Also of value will be the process of challenging the double standards that define the criminal’s relationships with others; in particular, more often than not, the relationships they maintain with members of the opposite sex. The criminal thinker needs to learn that their sexual fantasies, especially those revolving around exploitation and conquest, are a form of irresponsible excitement. Learning how to interact meaningfully, on a sexual level, requires an exodus of no small proportions from the self-deception that ensnares the criminal’s perception of sex.

Visit the CriminalThinking.net website for free worksheets to help deter and correct the thinking error of sexuality and many others errors in thinking. Browse these other common thinking error articles as well:

Concrete Thinking

Concrete ThinkingHuman mental processes typically evolve from the concrete to the conceptual, whereas the criminal is often described as failing to learn from experience. This individual does not generalize the outcome of one situation to similar circumstances, a problem which is related to the fragmented thinking associated with the criminal personality.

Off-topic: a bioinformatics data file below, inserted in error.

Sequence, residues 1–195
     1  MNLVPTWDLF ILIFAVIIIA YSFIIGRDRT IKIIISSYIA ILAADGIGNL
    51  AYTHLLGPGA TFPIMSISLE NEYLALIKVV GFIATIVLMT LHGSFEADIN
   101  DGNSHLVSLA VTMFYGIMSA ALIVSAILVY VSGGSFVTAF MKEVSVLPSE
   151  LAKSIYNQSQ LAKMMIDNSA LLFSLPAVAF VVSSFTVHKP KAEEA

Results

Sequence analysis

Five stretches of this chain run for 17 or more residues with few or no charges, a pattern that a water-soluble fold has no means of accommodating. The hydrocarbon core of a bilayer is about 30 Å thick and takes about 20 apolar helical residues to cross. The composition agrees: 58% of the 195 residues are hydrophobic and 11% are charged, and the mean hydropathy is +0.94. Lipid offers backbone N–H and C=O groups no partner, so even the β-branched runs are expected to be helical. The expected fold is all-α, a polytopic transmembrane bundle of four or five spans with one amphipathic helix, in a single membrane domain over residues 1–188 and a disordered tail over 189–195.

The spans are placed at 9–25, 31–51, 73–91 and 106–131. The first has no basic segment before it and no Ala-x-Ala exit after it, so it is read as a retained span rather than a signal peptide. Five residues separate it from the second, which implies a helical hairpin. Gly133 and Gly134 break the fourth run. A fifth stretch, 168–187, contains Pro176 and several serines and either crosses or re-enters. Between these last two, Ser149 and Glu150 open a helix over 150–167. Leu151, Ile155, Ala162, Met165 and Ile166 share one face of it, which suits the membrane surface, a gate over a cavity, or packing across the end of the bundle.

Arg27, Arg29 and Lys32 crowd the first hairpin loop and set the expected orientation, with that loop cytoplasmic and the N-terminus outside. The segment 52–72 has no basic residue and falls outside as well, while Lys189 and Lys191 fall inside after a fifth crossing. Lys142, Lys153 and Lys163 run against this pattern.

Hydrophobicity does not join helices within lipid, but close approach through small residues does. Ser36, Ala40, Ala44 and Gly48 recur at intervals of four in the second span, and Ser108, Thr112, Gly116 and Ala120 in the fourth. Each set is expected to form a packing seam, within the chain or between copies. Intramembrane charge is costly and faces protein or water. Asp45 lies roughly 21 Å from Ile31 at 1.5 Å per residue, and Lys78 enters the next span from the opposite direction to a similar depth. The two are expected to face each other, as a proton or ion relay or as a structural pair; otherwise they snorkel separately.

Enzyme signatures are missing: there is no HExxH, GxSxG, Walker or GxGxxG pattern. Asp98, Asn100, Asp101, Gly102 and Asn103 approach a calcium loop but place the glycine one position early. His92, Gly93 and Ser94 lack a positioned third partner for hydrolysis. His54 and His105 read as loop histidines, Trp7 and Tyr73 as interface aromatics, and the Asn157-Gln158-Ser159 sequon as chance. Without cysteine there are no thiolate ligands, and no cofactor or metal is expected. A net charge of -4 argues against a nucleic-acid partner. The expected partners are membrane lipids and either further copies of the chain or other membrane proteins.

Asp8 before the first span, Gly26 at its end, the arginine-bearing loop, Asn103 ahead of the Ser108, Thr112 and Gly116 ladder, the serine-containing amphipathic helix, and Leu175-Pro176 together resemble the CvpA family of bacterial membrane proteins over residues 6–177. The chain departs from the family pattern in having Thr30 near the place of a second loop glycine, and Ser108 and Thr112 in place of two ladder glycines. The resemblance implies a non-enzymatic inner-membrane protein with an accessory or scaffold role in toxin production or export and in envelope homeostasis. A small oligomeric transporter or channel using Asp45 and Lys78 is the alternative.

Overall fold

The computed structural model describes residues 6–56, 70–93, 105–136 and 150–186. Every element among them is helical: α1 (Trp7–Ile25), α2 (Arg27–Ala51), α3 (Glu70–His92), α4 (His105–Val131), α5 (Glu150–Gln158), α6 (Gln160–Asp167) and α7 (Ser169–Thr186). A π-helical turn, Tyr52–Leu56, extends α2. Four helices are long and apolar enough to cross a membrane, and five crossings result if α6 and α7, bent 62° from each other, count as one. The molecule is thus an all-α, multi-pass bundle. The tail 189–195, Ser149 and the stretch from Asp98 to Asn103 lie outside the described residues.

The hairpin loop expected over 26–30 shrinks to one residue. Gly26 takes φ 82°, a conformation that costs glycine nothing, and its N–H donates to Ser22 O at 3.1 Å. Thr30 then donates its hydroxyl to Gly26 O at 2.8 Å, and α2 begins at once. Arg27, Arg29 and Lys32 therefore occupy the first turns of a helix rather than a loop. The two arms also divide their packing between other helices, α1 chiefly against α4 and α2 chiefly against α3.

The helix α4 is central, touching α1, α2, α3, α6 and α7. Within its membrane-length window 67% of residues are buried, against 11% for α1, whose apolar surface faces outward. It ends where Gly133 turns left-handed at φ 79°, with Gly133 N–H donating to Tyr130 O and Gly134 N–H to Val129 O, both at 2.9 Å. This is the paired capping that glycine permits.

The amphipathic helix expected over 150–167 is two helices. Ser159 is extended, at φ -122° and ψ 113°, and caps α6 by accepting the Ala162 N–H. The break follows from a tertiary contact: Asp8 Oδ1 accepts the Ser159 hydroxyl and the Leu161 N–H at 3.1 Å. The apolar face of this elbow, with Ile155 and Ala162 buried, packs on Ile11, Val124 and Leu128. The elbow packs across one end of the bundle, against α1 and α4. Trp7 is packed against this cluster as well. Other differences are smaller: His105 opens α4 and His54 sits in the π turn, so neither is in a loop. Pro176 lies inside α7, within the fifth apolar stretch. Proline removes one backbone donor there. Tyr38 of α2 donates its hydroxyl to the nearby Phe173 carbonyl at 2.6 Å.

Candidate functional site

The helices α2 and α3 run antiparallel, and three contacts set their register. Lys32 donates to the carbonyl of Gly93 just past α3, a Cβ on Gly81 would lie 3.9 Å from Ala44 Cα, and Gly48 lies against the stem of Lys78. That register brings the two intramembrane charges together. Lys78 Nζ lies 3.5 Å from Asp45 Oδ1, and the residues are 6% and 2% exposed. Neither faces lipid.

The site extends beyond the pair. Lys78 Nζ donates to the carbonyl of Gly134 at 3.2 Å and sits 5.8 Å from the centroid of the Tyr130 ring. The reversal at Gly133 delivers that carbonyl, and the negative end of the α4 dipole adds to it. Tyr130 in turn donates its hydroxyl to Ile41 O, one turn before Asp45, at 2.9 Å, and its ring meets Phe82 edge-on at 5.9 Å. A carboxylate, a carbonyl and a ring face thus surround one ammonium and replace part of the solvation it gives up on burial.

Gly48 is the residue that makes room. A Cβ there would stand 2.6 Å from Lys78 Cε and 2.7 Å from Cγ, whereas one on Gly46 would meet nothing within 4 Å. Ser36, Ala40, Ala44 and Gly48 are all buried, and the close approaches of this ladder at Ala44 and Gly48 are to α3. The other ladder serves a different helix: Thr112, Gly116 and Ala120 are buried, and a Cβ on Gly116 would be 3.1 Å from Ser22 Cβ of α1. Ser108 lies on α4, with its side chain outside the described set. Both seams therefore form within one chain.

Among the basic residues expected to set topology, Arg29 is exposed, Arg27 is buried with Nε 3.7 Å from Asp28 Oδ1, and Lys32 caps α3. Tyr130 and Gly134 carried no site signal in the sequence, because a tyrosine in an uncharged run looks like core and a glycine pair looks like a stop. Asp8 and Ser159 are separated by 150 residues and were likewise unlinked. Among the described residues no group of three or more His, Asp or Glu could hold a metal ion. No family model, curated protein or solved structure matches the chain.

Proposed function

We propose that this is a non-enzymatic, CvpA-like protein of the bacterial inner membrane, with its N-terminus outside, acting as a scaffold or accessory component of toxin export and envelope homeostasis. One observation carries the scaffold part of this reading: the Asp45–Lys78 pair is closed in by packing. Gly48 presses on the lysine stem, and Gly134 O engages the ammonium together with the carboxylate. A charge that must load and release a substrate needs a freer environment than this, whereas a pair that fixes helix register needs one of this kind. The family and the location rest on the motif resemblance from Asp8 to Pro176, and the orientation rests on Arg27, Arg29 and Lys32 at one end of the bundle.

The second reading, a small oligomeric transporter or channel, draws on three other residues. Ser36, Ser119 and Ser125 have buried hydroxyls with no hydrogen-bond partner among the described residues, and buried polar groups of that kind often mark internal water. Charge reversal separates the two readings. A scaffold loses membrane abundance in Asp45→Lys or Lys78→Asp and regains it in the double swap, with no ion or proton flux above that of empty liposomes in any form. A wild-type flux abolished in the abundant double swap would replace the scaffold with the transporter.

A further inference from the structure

The criminal is extremely situational in their interpretation of the world around them. Instead of defining right and wrong as the issue in their behavior, the criminal is interested in what they can do without being caught, or what they can get away with.

Failing to internalize pro-social values, the criminal’s main controls lie outside themself; for example. they will not commit a crime if the risk is too great. The criminal thinker tends to view the world around them in extremes: black and white, either/or, and with little flexibility.

In order to enact change, the criminal must learn to relate current events to similar experiences and lessons. Some of these will be related in form, though not in substance, to the situation at hand. Repetitive tardiness, for instance, could be related to a lack of consideration for others, or to a poor concept of family and a lack of concern for the role of a child, sibling, spouse or parent.